Tell us about your new cookbook, “Too Good to Passover.”

I have been researching, developing, and writing this book for 10 years. My goal for this book is to preserve the Passover traditions and foods for the Jewish communities of the Mediterranean, Middle East, and Asia that have been changing due to migration to North America, Israel, and other parts of Europe. I also thought it important to record recipes that may be lost in the younger generations due to food trends and the changing ways in which people eat.

It has 21 chapters, with each chapter dedicated to a different Jewish community in the Arabic, Mediterranean, and Sephardic world. There are 23 countries represented in all, including Turkey, Spain, Morocco, Egypt, Ethiopia, Greece, India, and Iran, to name a few. Each chapter opens with interviews of one or more individuals from that particular community about their memories of Passover and the Seder.

It will be self-published in both printed and e-book form, and will also include my own illustrations. My goal is to have it ready for Passover 2018.

How did you approach the challenge of creating a cookbook that would also serve as a vehicle for preserving and sharing different Jewish cultures?

During my research, I discovered many interesting things that are hard to relate in a few sentences. By taking the time to speak with individuals from so many different regions while focusing on only one major holiday, I was able to see what traditions were shared from one community to the next, and how they were different. I also observed how each Jewish community adopted food techniques or recipe styles, as well as rituals from their Christian, Muslim, or Hindu neighbors, and adapted them to their own needs.

By talking to over 100 people about their experiences, I learned that history, geography, and politics changed the way different Jewish communities observed Passover.

My goal is to record, develop, and share recipes from these communities so that an important part of our heritage is not completely lost over time. I also want to redefine what is considered Jewish food, and reinterpret the word “cuisine” to include Jewish dishes that are Sephardic, Judeo-Arabic, and Ashkenazic, and have their own styles, techniques, traditions, and ingredients.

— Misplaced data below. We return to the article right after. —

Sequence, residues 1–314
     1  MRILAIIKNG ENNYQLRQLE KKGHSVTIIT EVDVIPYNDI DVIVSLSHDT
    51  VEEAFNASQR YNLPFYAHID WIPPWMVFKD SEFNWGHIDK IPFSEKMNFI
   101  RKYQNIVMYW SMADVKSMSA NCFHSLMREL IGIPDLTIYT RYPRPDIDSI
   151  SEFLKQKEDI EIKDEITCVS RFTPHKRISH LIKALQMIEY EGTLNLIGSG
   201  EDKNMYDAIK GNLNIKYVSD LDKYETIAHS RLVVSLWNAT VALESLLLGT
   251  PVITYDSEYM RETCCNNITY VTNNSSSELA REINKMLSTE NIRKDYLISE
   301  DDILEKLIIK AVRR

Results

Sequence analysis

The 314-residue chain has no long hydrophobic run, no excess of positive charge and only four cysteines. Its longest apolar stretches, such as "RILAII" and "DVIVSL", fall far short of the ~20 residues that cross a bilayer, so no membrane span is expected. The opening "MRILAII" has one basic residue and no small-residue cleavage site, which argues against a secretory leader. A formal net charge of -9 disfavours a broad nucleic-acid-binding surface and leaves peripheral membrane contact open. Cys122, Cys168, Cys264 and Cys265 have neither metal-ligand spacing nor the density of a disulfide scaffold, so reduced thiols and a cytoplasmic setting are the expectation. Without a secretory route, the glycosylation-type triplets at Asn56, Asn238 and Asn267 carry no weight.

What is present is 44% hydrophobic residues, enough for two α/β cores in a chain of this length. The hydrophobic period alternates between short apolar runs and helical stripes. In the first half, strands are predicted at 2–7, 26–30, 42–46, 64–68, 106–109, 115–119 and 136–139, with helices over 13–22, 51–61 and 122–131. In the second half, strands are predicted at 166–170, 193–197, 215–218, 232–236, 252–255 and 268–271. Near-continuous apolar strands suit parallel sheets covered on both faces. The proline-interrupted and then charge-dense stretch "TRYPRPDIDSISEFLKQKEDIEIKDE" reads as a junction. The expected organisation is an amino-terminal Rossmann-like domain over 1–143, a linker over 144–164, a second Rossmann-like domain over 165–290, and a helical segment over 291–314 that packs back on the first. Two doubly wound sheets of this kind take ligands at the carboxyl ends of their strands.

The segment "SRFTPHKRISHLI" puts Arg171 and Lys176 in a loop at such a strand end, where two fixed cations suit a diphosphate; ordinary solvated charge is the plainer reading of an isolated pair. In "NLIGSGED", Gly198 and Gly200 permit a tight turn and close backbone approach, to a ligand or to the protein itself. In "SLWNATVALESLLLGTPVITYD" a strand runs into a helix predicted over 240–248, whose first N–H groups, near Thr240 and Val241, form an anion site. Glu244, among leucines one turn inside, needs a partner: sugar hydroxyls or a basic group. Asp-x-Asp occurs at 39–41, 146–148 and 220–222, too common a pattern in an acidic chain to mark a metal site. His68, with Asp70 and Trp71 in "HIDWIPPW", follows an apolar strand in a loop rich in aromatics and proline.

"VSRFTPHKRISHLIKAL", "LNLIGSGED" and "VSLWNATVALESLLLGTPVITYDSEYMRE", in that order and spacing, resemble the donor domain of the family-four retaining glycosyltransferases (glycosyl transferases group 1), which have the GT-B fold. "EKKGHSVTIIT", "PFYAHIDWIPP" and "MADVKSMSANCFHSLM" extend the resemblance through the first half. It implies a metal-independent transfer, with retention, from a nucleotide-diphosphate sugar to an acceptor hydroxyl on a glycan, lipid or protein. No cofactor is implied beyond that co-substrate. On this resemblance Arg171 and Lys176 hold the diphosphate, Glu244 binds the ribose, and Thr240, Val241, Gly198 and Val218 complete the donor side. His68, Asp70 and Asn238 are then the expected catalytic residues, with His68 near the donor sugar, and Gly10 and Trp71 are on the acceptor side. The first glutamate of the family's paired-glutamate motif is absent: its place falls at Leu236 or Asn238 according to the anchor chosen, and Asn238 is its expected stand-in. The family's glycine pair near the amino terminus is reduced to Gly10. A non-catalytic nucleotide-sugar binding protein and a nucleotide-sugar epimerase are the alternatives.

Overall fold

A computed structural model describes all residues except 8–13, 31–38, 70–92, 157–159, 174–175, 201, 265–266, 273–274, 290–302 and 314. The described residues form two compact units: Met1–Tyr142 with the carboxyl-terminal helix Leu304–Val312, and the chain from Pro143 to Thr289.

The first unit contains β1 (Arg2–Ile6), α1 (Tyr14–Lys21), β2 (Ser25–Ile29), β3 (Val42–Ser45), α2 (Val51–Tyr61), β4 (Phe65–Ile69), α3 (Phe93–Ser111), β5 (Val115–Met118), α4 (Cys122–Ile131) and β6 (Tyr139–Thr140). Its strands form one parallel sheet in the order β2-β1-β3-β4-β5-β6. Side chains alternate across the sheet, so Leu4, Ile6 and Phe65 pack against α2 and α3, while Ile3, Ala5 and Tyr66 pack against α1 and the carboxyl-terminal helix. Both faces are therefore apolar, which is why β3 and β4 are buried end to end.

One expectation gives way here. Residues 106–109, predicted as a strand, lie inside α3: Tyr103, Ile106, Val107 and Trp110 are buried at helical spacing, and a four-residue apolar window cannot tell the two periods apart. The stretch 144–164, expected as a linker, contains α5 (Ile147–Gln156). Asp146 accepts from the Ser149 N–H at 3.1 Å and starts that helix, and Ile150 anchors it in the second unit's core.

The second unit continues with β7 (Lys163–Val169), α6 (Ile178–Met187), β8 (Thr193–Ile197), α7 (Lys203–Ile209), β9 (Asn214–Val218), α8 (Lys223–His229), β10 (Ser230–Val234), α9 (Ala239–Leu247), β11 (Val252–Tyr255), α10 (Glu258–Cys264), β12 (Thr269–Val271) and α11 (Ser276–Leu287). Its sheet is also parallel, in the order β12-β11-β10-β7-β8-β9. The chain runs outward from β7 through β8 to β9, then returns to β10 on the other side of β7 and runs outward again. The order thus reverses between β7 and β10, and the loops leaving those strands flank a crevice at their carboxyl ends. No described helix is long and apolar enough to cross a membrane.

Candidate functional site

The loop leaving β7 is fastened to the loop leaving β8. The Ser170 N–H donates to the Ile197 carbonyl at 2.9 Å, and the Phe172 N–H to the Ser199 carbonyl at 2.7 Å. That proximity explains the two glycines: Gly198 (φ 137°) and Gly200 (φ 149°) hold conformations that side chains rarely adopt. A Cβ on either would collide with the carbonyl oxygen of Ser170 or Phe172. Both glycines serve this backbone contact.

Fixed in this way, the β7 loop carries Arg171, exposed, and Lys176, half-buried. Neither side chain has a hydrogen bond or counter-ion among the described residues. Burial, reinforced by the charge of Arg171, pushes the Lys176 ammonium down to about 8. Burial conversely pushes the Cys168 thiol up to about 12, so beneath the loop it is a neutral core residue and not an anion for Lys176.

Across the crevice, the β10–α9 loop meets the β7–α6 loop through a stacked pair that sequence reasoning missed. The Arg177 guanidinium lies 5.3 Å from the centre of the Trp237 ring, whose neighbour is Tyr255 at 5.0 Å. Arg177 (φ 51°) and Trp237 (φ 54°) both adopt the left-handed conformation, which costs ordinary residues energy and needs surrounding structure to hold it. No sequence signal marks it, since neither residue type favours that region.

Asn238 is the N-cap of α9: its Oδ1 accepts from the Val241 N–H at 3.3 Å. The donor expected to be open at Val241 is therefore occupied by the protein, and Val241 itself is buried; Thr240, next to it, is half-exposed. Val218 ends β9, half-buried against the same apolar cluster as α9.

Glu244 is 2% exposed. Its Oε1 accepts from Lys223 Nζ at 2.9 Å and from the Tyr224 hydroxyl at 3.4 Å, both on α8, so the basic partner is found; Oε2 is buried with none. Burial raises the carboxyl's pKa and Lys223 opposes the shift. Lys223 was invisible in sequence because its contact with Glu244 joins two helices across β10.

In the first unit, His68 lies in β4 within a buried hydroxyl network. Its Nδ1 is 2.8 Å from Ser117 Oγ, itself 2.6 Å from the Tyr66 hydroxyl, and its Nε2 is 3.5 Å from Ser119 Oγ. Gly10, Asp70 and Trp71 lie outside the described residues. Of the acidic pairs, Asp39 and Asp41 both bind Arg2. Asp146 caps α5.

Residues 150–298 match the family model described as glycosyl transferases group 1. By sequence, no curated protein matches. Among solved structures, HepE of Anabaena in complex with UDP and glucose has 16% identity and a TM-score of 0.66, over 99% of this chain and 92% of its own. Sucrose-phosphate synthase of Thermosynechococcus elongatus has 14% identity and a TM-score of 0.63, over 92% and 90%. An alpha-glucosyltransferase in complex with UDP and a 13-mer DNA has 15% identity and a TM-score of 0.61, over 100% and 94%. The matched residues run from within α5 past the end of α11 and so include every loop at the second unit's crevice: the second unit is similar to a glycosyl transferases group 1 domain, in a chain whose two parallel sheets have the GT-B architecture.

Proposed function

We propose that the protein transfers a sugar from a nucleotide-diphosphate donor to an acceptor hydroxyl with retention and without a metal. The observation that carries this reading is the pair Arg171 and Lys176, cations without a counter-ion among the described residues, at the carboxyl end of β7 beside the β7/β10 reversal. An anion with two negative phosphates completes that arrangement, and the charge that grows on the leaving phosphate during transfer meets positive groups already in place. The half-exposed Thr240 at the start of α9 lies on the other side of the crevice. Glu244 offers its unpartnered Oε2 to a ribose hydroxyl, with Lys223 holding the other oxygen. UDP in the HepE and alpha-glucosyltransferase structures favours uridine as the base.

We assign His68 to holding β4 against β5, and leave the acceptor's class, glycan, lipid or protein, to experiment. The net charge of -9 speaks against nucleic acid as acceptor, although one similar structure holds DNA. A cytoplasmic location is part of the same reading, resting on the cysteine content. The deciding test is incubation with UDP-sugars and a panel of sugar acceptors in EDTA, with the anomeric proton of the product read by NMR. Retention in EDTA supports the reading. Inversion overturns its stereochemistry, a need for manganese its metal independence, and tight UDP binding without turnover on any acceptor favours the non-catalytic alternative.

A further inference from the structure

Do you see a revived interest in Sephardic culture, traditions, and cooking in America?

I don’t think it’s so much of a “revived” interest but rather an overall new interest in non-Ashkenazic Jewish cooking.

In America, “Jewish” cooking and culture has traditionally been defined by the Eastern European majority who live in the U.S. Even non-Jews I meet often equate foods like gefilte fish and potato latkes as being Jewish; they don’t really think of Arabic food, or dishes with Central Asian flavors to be Jewish.

Some of the interest in Arabic cooking has come out of recent news about the Middle East. Americans are becoming more educated about countries like Iraq, Iran, and Syria, and learning that Christians as well as Jews also lived there. For the Ashkenazic community, there is an interest in food that they consider to be more flavorful than typical Eastern European dishes. Sephardic dishes are especially appealing because they are exotic but simultaneously have a connection to Jewish culture and history.

There is also a general interest in Western culture in discovering one’s past through DNA testing, which has created more curiosity in other cultures; this includes links to a Jewish past.

What are your future plans?

I will be promoting “Too Good to Passover” by giving talks about my research, and I will continue to teach hands-on cooking classes for all of my recipes from these regions as well as food demonstrations. I’m not sure what I will do after that, but I have thought about developing a food product based upon some of my recipes. We will have to see!

By Jackie Feldman

 Jackie Feldman is a young professional living and working in Washington, D.C. She runs the group “Sephardic Jews in DC,” which hosts events in the metro DC area that celebrate Sephardic culture, religious tradition, and customs. She also has her own food blog that features a healthier spin on many traditional Jewish and Sephardic recipes: